A person I respect told me I needed to post entries in my blog more often if I expect to draw readers. So, Dave, I hear what you are saying and I am going to try, starting with this 3 part trilogy.

Sunday, November 21, 2010

Shadows of the Season

Photo taken 11/20/20 while walking the dog near the Merrimack in Concord
Shadows of the Season
On a cold November afternoon
Looking out at this backwater channel to the Merrimack
The last leaves of autumn are casting their muted colors on the still water
While the grasses, bleached almost white, anticipate the starkness of what is to come.

A lone gray birch tree, scraggly and bent from the rigors of living on the edge
Hovers over the fading landscape like a mother hen, wings spread,
Attempting to shelter her brood from the inevitable:
Death's looming dark shadow.

Saturday, November 13, 2010

Are we becoming a shell of our former selves?

Photo of deserted amusement park, Old Orchard Beach,  11/13/10

Thoughts about our country:  if we don’t want to end up a desolate shell like this amusement park, we need to start leaning on something more substantial than consumerism.

Wednesday, October 27, 2010

Tuesday, October 26, 2010

Breath a soul into the newly formed...

Sunrise over Jenness Pond 10/27/10
“Be pleased yet once again to come
 down and breathe a soul into 
the newly formed, fragile film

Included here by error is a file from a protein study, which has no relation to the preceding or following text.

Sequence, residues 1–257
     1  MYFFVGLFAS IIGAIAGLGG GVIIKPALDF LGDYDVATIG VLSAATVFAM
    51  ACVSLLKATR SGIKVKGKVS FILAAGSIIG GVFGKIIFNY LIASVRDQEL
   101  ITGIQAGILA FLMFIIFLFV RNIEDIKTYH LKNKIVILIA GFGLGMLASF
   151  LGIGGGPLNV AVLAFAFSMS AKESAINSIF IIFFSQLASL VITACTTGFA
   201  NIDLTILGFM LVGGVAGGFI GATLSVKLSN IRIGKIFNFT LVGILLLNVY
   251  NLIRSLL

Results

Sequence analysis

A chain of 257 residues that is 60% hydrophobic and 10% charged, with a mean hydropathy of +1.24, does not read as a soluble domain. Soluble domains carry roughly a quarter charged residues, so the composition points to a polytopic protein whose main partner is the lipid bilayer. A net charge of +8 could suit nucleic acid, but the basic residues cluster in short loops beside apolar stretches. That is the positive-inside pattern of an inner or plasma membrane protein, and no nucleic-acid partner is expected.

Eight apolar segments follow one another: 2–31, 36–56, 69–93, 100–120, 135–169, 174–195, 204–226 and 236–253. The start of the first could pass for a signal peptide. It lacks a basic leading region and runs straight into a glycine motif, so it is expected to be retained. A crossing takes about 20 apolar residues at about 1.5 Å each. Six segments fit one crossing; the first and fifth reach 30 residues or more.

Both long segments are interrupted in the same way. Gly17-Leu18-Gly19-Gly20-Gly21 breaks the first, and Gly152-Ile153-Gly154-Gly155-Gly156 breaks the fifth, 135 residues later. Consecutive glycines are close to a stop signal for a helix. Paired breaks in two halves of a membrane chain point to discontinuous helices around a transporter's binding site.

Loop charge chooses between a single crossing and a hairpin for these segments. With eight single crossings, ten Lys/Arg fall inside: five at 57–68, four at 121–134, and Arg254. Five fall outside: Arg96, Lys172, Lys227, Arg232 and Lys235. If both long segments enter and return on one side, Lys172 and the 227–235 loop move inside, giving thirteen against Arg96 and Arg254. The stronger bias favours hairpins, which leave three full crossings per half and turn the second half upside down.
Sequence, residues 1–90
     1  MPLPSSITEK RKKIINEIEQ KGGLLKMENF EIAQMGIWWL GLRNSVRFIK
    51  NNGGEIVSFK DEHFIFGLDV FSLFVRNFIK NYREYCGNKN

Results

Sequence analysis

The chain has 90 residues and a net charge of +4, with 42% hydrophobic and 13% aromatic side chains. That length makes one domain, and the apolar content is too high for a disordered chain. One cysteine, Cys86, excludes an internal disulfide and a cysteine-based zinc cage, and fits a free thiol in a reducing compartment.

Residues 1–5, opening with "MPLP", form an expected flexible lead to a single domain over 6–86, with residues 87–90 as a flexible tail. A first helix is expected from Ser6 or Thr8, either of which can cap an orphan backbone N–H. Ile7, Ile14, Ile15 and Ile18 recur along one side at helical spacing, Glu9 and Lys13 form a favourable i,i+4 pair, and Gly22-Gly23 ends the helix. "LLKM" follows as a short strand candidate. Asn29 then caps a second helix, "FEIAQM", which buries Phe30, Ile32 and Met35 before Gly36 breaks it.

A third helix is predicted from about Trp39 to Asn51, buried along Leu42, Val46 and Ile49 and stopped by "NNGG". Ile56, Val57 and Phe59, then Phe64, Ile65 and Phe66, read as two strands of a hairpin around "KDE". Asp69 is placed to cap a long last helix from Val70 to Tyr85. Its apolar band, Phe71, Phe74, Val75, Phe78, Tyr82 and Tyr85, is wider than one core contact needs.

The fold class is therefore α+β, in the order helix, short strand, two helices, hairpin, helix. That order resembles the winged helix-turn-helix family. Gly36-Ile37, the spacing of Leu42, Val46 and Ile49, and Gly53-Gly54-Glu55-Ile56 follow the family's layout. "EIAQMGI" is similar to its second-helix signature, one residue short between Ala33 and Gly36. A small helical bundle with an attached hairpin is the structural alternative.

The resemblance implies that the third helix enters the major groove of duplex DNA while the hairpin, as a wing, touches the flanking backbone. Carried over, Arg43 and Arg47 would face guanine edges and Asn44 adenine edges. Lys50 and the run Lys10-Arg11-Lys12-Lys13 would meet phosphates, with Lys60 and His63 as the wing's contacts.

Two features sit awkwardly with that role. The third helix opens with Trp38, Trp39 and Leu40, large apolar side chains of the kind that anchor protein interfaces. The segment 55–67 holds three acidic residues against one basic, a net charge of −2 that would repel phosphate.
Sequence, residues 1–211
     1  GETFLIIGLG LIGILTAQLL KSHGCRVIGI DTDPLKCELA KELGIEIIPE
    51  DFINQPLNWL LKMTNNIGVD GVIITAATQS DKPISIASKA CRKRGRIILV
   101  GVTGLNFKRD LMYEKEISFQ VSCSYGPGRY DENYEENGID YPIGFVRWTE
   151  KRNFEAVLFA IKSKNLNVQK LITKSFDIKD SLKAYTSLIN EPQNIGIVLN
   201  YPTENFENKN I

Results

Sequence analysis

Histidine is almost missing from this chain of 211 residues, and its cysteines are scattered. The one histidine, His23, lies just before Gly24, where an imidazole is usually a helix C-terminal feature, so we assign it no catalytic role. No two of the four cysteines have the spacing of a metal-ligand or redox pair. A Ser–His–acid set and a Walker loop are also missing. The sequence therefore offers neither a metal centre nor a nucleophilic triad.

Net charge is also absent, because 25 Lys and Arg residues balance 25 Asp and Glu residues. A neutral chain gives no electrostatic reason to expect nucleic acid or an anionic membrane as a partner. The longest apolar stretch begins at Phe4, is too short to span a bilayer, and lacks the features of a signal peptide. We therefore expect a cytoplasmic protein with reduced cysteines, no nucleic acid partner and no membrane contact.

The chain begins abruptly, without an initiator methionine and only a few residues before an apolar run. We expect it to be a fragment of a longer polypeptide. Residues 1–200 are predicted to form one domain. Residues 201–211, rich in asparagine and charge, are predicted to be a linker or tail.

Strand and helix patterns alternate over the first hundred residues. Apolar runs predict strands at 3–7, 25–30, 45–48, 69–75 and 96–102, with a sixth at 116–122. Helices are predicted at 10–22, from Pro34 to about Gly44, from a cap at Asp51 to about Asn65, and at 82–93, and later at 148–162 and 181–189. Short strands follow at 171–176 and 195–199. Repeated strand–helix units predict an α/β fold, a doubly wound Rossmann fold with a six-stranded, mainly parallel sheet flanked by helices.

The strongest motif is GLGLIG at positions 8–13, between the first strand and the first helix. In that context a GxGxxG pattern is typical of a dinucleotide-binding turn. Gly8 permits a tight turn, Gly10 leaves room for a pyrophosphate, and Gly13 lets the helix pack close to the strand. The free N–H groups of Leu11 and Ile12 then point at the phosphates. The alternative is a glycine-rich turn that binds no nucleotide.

of matter with which this day 
is to be freshly clothed.” 
(Quote by French paleontologist Teilhard de Chardin)

Photograph taken at Cape Cod summer of 2010

Tuesday, October 19, 2010

The Hidden Hand of the Marketplace

The Hidden Hand of the Marketplace

Fishermen in the beginning of time
Sacrificed a symbol of themselves to The Great Spirit
Praying for the welfare of the fish
Who sustained them and gave their life meaning
Within The Great Web of Life.

Fishermen at the end of time
Sacrifice all the fish to the great god of Moolah
Praying to get paid back enough bucks
To keep afloat and survive another month
Without being washed up on the beach with the fish–
Yet another victim of the Hidden Hand of the Marketplace.
This photomontage consists of three photographs, two of which I took this summer: The first is of a blue fisherman glove that washed up on the beach at Fort Foster in Kittery. The second is a wild ocean shot I took on Cape Cod. I got permission to use the third photo, the image of the fish skeleton, from

I’m sorry about the gender bias.  It just didn’t fit the cadence to say fisher people or people who fish or people who live from the sea. And alternating fisherman and fisherwoman would have changed the meaning.

Wednesday, October 13, 2010

In the end, everything returns to the earth

This photomontage is my second attempt to tell a story about my connection to a certain sugar maple tree. The first attempt was my last blog entry. You can see it by scrolling down or by clicking here: photograph with accompanying essay.  While the first image is visually accurate, it does not connect to the complex array of memories and emotions that this tree brings to life in me. Hence, my second attempt: the collage that you see above, which merges 15 different photographs, some taken for this project and some from the past.